Years ago I came across this idea for book reports that kids can really sink their teeth into. It's a fantastic way to teach students about the many ingredients that must come together to create a compelling story.
There are many examples of this project online; this is just a brief overview of how I've used it in my class and some of the great sandwiches that my students have made in the past.
To begin the project, I ask students to choose a 100-200 page book that interests them. As they read, they take notes on the main characters, plot, theme and climax. This is very important, as their notes will help them when they assemble their sandwiches later.
Once they finish their books, the students choose what types of sandwiches they would like to make. The options are nearly endless: hot dogs, hamburgers, subs, PB&J… Whatever they can think of I let them create.
My only requirements are that:
- They not use real food or just paper. Instead, I encourage them to think about other materials they can make to look like food: styrofoam, felt, tissue paper, etc.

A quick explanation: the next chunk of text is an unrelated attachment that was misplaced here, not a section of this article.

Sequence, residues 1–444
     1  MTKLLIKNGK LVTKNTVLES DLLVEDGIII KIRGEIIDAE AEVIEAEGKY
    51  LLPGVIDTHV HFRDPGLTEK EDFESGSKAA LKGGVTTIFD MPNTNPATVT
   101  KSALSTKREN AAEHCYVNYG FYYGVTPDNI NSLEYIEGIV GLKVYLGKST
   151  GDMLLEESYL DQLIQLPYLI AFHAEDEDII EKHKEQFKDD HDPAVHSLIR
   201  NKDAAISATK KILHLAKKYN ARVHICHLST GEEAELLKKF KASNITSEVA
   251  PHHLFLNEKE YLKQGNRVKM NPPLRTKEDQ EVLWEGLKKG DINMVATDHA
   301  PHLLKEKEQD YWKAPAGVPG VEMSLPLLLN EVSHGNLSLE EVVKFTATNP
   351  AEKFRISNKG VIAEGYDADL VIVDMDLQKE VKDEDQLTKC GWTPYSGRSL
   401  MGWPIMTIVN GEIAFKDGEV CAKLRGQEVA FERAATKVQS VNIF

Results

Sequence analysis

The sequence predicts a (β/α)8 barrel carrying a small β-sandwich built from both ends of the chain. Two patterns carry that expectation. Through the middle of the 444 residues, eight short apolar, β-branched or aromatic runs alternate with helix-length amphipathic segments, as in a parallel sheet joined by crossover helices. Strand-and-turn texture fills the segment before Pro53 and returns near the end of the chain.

- The top slice of bread must have the student's name along with the book title, author and illustrator.
- The bottom slice of bread should have a description of the setting.
- Each of the ingredients must relate to a character or key aspect of the story. For example, if the protagonist gets in fights often, he or she may best be represented by pepper. If a particular character gives good advice that's hard to swallow, they may be the onions: nutritious, but not universally loved.
Once all the projects are done the students take turns giving oral reports using their sandwiches. To celebrate their great work, I have a variety of edible sandwiches on hand for us to enjoy together. We then put all of their masterpieces on display.